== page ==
This nonsense does not meet the criteria for mental illness, it is a factor of low intelligence and low IQ, or faulty memory if that makes you feel better about suffering from it.

The whole Mandela concept always makes me roll my eyes but recently I have been noticing a disturbing similarity in the mentality of those that believe in it to believers in religions.

Is this what we are seeing?

A birth of a religion? Born of frustration and pure and utter boredom?

Personally I like to think it's some kind of natural filter coming into play to separate us, the sane from you, all the crazy bastards.



posted on Sep, 12 2016 @ 10:07 PM
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I put everything I "remember" ( that is then shown to be erroneous) under the "Damn I'm getting old" category.
Memory is the weakest link.
You remember what you think happened...this transmutes into what actually happened. Then other sources show you what truly happened.
BOOM!
Mandela Effect.

Can't trust your own memory, tis a slippery bugger.



posted on Sep, 13 2016 @ 12:35 AM
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a reply to: WakeUpBeer


I'm not interested in your evidence for the Mandela Effect. If you feel the absolute need to share something however, please do not, unless you can present something worthwhile, for a change.

Okay, but the anecdote is relevant toward a possible explanation.

I experience Déjà vu quite frequently, in the order of twice a week, but not every week, just sometimes a few weeks in a row. I'm not epileptic, so that's out.

This virtual reality investigation suggested that similarity between a new scene's spatial layout and the layout of a previously experienced scene in memory (but which fails to be recalled) may contribute to the déjà vu experience. When the previously experienced scene fails to come to mind in response to viewing the new scene, that previously experienced scene in memory can still exert an effect—that effect may be a feeling of familiarity with the new scene that is subjectively experienced as a feeling of déjà vu, or of having been there before despite knowing otherwise.
wikipedia-Déjà vu

Plus, I have a bit of an Eidetic memory (visual snapshot type storage). The Wikipedia quote doesn't quite explain it, but when I experience déjà vu, I test it, "How was I positioned when I 'experienced' this before?" "What was I seeing?" "What happened before?" "And then what?"

By asking those questions and determining that there are no actual connected positions, views, lead-up events, or follow up by which to locate the 'previous' experience to the present experience, then it's no problem to write it off as 'just another déjà vu'. If that makes sense.

Now the anecdote is something like an obverse of that.
----------------------------
Once upon a time I wrote a rather tear jerker story for a lady friend, which I gave to her. A few weeks later, a relative wanted an anthology of my works, and I thought that the new story would fit quite well, so I paid a visit to the friend and asked if I could borrow the story to copy in the proposed anthology, to which she agreed. So I hung out for a while chatting and drinking tea and such.

When it was time to leave I quite deliberately picked up the pages of the story, opened the door, went out to my car, opened the door, got in, and quite deliberately placed the pages on the seat beside me. Then I drove home. In the morning I went out to my car to get the pages. No pages in the car. After frantically searching every possible place in my house where I might have unthinkingly placed them, I braced myself for the uncomfortable task of informing my friend that I had lost her story.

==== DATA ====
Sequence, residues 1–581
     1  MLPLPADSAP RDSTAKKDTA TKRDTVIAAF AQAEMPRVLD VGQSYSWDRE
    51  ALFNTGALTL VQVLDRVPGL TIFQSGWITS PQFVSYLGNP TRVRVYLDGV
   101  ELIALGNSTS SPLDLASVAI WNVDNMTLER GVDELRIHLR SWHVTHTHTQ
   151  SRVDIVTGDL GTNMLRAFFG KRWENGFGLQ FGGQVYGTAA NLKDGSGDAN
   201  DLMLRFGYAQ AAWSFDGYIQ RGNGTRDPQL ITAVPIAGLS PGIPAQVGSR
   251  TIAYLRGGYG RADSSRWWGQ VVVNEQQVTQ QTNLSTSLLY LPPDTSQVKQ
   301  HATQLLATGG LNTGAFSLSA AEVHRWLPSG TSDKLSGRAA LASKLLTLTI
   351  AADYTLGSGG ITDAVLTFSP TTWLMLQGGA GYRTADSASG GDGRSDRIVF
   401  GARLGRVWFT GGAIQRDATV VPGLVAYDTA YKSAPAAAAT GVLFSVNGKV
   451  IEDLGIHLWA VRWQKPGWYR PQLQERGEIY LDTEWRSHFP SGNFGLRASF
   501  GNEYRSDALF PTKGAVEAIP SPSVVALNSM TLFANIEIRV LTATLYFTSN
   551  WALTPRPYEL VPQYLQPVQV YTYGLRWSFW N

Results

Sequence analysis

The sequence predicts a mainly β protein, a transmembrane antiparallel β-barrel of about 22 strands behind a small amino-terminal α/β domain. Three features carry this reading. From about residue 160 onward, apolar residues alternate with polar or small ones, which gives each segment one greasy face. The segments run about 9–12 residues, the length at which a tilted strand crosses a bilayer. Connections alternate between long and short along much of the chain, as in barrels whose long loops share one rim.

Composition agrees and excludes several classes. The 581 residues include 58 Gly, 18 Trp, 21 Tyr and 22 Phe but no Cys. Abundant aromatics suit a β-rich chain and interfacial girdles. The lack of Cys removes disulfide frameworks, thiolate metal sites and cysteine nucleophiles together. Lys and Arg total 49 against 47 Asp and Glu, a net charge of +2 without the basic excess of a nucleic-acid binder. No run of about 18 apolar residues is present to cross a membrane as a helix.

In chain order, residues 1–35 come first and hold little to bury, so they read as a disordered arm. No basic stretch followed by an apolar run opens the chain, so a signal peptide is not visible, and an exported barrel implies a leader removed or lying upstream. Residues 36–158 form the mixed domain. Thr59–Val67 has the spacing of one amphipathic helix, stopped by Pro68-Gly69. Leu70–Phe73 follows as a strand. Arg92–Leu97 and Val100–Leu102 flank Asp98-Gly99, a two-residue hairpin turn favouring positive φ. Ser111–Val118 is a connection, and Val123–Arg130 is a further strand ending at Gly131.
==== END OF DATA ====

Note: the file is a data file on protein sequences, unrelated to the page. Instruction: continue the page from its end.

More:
"No" she said over the phone, "It's not lost. It's right here where you left it."

"What?" I asked "Are you sure? That's not possible."

"I'm looking right at it. Right where you left it on the floor."

"But I clearly remember picking it up."

"No, you got up and left it right there on the floor."
----------------------------------------------
My usual MO for testing for déjà vu' doesn't work with this incident because of the clear memory of the whole sequence of events. No drugs or alcohol involved, just sun tea.

It looks like your terms for posting to this thread are a bit high. Not much traffic.
Good thread though.



posted on Sep, 13 2016 @ 12:53 AM
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a reply to: pthena
Interesting story. Though I'm not quite sure what it has to do with the Mandela Effect. Unless you are suggesting that perhaps you did bring the story home, but at some point before the next morning came you shifted into a reality where you hadn't. Glad the story wasn't lost though. That's a plus.




It looks like your terms for posting to this thread are a bit high. Not much traffic.
Good thread though.

Perhaps as far as posting evidence suggesting the Mandela Effect is real goes. As I said, I don't want this thread to turn into the typical ME thread. I'm tired of the "Steins vs Stains" stuff. This thread isn't suppose to be for people to post that kind of stuff. Those threads are a dime a dozen!

I'm not criticizing theories of there being multiple realities.
I am critical of the whole shifting from one to the other thing, however.

edit on 9-13-2016 by WakeUpBeer because: (no reason given)



posted on Sep, 13 2016 @ 01:15 AM
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a reply to: WakeUpBeer


Unless you are suggesting that perhaps you did bring the story home, but at some point before the next morning came you shifted into a reality where you hadn't.

I don't much go for the multiple reality scenario, no matter how many science fiction stories and movies feature them, even when I like the stories. But since I can't write the change off as a memory glitch with my usual technique, I'm left with the possibility of a change in reality.

Mechanics wise, no rational explanation.

Oh, I just remembered another, more recent incident right in front of people. I probably should read the literature on this. A possible psychological explanation may have to do with a deliberate plan to do something which gets confused with what has already been done to execute the plan. "I could have sworn I already did that! Oh well, guess I'll have to do it for real this time." That kind of thing.

I better stop thinking in public, this is starting to get embarrassing.



posted on Sep, 13 2016 @ 02:17 AM
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a reply to: WakeUpBeer